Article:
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Wait, fantasies in space? How does that work?

It looks like this film challenge thing I’m doing with Shaun Duke is becoming a regular, er, thing. After he met my last challenge of five films which complement my Apollo Quartet – see here – he tasked me with coming up with a list of “5 science fiction films which are basically fantasies in space, but which are not Star Wars. Ugh. That are “in your opinion and by your own criteria, good movies“. I suspect this is not possible – in fact, I know it’s not – so I’m going to cheat a little and pick films that are either good within the confines of their genre, or enjoyable irrespective of their quality. Because you’re not going to get some cheesy space fantasy that stands up there with anything by Tarkovsky or Bergman or Haneke or Kaurismäki or Sokurov or… Well, you get the, er, picture.

As for “fantasies in space”… yes, well, if not Star Wars is part of the definition then it must mean dumb space operas. And I can think of many examples, but they are almost universally pretty bad. There are no doubt lots of Japanese anime examples, and some of them may even be very good, but I’m not that familiar with anime.

Anyway, after much scratching of head and rootling through my DVD collection, I came up with following five. A couple may be obvious, one or two may invoke cries of shocked disbelief, and for a few I had to take “space fantasy” to mean “complete science fiction bollocks”.

johncarterJohn Carter, Andrew Stanton (2012). The obvious choice, and one that will no doubt have a few of you choking on your doughnuts. I loved this film from the moment I saw it in IMAX 3D, and I’ve watched it several times since on DVD. The production design is gorgeous, the CGI is seamless (the Tharks actually look almost real!), and the script is polished, with a structure which is far more sophisticated than the material deserved. It’s a crying shame Disney decided to sink it because it could have been the start of a bloody good franchise. But instead we’re going to get endless shit superhero movies, a vast cinematic retconning of the Star Wars universe, and increasingly dumber Star Trek sequels. Yay for tentpole sci-fi blockbuster movies…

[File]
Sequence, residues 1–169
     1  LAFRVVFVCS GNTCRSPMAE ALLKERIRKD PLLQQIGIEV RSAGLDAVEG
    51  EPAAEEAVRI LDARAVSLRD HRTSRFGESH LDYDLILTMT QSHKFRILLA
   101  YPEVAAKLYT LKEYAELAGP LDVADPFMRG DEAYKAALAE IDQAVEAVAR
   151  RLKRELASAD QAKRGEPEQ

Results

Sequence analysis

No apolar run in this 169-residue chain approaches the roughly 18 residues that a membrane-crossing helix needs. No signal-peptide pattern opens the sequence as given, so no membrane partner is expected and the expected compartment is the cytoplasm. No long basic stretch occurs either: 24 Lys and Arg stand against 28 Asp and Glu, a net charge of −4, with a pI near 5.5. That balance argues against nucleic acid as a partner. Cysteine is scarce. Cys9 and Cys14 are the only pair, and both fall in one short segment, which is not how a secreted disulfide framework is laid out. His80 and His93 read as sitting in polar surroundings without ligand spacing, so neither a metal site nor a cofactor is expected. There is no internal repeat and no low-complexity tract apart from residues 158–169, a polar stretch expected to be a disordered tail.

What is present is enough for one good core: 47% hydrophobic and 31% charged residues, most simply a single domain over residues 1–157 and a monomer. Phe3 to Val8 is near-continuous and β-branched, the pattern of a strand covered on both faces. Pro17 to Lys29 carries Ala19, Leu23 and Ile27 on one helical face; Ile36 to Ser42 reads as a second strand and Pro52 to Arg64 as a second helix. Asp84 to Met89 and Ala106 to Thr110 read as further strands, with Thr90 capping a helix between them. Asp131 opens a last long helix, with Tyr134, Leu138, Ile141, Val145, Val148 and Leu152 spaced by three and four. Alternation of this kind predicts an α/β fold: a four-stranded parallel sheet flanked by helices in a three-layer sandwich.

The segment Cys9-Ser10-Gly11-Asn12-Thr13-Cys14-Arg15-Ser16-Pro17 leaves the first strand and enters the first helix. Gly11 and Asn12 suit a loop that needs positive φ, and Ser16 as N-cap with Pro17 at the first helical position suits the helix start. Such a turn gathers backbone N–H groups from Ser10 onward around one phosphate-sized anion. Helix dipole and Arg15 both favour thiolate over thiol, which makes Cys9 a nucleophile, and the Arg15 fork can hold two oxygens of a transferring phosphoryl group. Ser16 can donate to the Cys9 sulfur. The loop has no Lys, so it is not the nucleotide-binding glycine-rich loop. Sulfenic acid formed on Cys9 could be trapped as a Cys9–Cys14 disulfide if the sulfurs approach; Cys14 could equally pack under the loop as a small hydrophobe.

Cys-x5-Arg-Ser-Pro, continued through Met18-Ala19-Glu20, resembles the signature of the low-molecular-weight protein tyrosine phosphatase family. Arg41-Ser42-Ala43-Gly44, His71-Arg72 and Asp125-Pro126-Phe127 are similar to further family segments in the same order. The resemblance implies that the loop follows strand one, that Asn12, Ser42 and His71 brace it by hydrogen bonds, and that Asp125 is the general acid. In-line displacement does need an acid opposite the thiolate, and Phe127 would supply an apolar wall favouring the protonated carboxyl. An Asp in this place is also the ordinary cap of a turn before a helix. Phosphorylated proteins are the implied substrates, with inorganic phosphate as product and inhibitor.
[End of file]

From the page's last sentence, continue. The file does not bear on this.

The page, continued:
flashFlash Gordon, Mike Hodges (1980). There’s much that cringe-worthy in this film, from the Queen soundtrack (there, I said it) to the cheesy dialogue to half the cast clearly belonging in a much superior film to completely non-entity Sam Jones in the title role. Having said that, you won’t find more sci-fic pomp and silliness in any other movie. Von Sydow, Wyngarde and Dalton plainly belong in a much better film; Topol, Muti and Blessed seem to have found their level. Melody Anderson actually makes a good Dale Arden. It is, in fact, hard to fault Flash Gordon as a piece of cheesy sf camp, but it’s a mistake to consider it anything more than that (and unlike some people, I ask more of my movies and books than they be mere entertainment).

planete_sauavageLa planète sauvage, René Laloux (1973). No film list put together by myself would be complete without at least one non-Hollywood film. While this is not usually difficult to achieve, for “fantasies in space” it’s proven something of a hurdle. I mean, only the US makes cheesy space operas. But I believe La planète sauvage qualifies because, while it initially describes an alien world in which primitive humans exist only in the wild, it soon turns weird and philosophical and all sort of wishy-washy and bonkers. The animation and production design throughout is distinctive and strange – it’s by Roland Topor – but it suits the story. Laloux’s later animated films were a bit Métal Hurlant, but La planète sauvage displays a unique vision. Definitely worth getting hold of a copy.